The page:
Reflections on life and death in Arab cinema on the steps of London’s ICA
The ICA’s first-ever Cinema on the Steps, which was this year dedicated to Arab cinema, featured an incredibly disturbing series of films that reflected, in varying ways, on the subject of ephemerality. The films, all uniquely beautiful, seemed to collectively represent the natural life cycle: the opening night dealt with the theme of revolution, a word indicating a return to a starting point; during the second night, the cinematic life and tragic suicide of Egyptian belle Soad Hosni was explored, as well as the lost glory of Egyptian cinema itself, and the third evening focused on the long, desolate reality of after-death – a bathetic nothingness following the events and trivialities of life. Altogether, decay, destruction, and the fleetingness of life pervaded each film selected for the festival – not shocking in the least, for behind each act in life is the looming inevitability of death.
The film series opened with Ala Eddine Slim and Ismael and Youssef Chebbi’s incredibly intense, totally pared-down depeiction of the Arab Spring, Babylon. This was a documentary that refused to be translated for a Western audience, both linguistically and visually. In the beginning, it was stated that the filmmakers had resisted ‘reducing the film to subtitles’, at which point commenced the 121 minute-long film about the recent Arab revolutions. Unlike in Western media, however, the film’s focus was not on the continuous bombings in the region, and the neo-Orientalist trope, ‘long-standing sectarian violence’; rather, it showed the quotidian occurrences of life in refugee camps, such as daily prayers or the cooking of basic meals. There were protests, of course – but they did not dominate the film; instead, they almost became part of a daily ritual themselves.
The second night, curated by Alia Al-Senussi and Abdullah Al-Turki, showed an entirely different aspect of contemporary Middle Eastern culture – the cinema industry itself, which, naturally focused on Egypt, the dominant centre of the MENA film industry between the 50s and 90s. First, there was Saudi artist Manal Al Dowayan’s The Legends, a one-hour sequence of bellydance scenes from Arabic movies. Rania Stephan’s The Three Disappearances of Soad Hosni, similarly presented a montage of scenes featuring the Egyptian starlet, who was considered the ‘golden girl’ of the Egyptian film industry during its heyday – of course, until her fame declined, and she was found dead in her apartment on London’s Edgware Road in 2001. There is still a cloud of mystery surrounding her death – it was officially deemed a suicide case, although some claim that the Egyptian secret service was responsible; and although Stephan does not directly deal with the matter, Hosni’s death looms over the film in a way that is truly haunting.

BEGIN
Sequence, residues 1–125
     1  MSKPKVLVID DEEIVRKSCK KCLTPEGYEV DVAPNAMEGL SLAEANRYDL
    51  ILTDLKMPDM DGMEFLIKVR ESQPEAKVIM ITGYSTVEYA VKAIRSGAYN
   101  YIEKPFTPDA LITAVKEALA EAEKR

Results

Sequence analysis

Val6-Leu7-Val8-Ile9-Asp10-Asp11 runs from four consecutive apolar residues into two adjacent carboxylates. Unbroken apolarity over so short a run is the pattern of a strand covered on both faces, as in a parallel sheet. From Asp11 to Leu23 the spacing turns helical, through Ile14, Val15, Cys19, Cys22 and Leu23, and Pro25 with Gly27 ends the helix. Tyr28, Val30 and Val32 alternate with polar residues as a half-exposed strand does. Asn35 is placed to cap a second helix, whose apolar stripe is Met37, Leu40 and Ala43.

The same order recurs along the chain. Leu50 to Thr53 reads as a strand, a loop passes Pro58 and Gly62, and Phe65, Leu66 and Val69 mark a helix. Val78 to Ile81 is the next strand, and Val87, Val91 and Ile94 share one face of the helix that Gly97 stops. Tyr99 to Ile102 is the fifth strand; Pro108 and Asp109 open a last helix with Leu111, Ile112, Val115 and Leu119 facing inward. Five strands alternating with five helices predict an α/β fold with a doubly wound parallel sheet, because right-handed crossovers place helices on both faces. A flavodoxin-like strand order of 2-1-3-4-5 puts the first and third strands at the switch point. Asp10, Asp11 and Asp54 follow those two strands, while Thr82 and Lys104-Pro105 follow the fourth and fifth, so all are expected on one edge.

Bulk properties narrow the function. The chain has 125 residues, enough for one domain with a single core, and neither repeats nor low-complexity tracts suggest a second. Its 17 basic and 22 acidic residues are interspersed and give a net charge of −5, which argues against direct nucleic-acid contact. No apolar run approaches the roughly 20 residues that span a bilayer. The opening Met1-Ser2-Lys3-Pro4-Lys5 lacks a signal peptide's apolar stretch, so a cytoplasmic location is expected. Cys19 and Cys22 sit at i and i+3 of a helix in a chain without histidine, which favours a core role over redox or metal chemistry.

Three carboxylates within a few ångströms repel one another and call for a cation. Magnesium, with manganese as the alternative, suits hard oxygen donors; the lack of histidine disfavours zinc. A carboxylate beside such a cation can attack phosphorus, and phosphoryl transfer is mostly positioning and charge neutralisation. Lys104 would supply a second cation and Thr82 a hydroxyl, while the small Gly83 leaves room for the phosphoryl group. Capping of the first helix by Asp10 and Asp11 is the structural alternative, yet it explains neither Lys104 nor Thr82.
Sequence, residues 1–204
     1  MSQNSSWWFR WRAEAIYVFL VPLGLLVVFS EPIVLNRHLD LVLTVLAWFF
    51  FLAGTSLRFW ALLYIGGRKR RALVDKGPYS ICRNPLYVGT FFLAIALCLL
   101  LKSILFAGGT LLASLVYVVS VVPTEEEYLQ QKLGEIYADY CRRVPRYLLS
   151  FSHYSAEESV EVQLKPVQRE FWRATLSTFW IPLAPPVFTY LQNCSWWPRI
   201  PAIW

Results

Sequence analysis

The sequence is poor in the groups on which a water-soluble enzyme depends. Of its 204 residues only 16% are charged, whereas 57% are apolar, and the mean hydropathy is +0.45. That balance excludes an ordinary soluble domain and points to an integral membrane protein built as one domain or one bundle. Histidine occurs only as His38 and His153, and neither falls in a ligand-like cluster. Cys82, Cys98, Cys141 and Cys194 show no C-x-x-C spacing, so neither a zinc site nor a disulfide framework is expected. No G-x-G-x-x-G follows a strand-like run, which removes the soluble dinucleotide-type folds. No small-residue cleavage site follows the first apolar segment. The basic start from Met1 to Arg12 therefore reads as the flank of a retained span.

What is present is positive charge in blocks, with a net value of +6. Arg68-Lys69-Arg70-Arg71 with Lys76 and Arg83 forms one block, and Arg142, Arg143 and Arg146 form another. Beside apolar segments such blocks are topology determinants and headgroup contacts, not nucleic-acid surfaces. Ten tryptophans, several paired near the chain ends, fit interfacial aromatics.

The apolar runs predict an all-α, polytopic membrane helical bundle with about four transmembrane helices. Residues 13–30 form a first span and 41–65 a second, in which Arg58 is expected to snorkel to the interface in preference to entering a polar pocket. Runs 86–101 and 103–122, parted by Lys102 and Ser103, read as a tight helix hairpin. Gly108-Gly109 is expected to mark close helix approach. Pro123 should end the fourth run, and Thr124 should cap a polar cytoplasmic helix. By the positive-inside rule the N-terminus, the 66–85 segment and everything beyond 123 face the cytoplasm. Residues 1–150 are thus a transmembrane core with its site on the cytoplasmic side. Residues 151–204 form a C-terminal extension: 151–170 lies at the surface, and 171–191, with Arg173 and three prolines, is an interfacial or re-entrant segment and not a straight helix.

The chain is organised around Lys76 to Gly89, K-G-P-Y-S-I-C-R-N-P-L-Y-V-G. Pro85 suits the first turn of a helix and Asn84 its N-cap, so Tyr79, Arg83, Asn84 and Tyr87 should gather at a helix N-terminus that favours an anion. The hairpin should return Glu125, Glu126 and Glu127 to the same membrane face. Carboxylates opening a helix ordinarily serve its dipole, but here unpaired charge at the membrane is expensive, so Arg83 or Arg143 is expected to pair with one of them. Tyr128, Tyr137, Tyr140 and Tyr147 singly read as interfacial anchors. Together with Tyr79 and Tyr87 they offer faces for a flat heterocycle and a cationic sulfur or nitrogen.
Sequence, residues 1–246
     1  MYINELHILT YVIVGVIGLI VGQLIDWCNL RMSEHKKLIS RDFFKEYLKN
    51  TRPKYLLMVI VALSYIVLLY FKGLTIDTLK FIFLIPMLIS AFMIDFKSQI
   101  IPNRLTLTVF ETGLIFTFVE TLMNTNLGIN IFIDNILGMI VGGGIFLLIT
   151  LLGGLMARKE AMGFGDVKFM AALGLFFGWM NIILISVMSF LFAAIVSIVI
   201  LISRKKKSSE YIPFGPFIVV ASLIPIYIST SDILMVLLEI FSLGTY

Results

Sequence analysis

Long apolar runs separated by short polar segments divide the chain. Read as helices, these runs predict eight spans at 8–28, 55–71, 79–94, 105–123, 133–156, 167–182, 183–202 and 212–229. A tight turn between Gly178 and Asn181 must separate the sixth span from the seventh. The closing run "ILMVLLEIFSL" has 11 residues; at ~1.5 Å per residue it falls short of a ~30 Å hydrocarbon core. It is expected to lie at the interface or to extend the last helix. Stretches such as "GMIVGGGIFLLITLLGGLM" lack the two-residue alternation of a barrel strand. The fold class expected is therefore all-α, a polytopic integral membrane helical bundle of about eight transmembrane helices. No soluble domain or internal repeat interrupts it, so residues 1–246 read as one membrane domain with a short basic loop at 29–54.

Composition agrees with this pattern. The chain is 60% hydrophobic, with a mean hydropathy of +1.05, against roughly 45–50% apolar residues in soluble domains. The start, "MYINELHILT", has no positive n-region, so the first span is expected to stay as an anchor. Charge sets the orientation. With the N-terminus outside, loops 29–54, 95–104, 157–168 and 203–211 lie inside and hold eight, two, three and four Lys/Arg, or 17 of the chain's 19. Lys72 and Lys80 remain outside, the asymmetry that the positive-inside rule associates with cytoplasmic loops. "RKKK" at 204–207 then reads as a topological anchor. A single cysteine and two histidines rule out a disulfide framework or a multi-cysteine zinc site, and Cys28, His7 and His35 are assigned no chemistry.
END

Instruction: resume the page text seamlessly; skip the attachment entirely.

The final evening of Cinema on the Steps showcased the recently-restored 1969 Egyptian classic, The Night of Counting the Years (Al Momia). Based on a true story, the film is set in 1881 and follows two brothers in an Egyptian clan, and their involvement in the looting of a newly-discovered tomb. On another level, however, the film explores the subjects of desolation, loneliness, and the inexorability of fate. Though it is beautiful, the barren shots of empty desert landscapes combined with Mario Nascimbene’s haunting original score and the archaic, yet dulcet tones of classical Arabic speech combine for a strikingly affecting work that retrospectively cast a shadow over the more contemporary films shown during the preceding days. Even death is not a tragedy here, but rather wholly inevitable; the tenants of the tombs lie forgotten, raided, and reduced to crumbling masses of dust.
I recently spoke with two of the festival’s curators, Alia Al-Senussi and Abdullah Al-Turki about the idea behind Cinema on the Steps, the films they selected, and the promotion of Middle Eastern arts & culture in London, among other things.
Could you tell me a bit about how you selected these films?
We had seen Manal Al Dowayan’s film [The Legends] while at her home during Art Dubai. It was meant to be a folly, an amusement … but in it, we saw hope and something different to be expressed to audiences: a peephole look at an Egypt entirely removed from the current one; and, to be honest, it was a choice of utter nostalgia. Ziad Antar is one of our favourite young artists, and we have spent time with him around the world, and [have] actually taken him around London for one of his previous bodies of work, so it only seemed fitting that we should show [his] haunting videos. And finally, for the feature, The Three Disappearances of Soad Hosni by Rania Stephan – it was a selfish decision to show a film that we had always wanted to share with our friends, but couldn’t somehow locate. The ICA did an incredible job in tracking down and formatting these films, most importantly (and most difficult of all) The Night of Counting the Years, a 1969 production by Shadi Abdel Salam, which was the feature film for Ahmed Mater’s evening.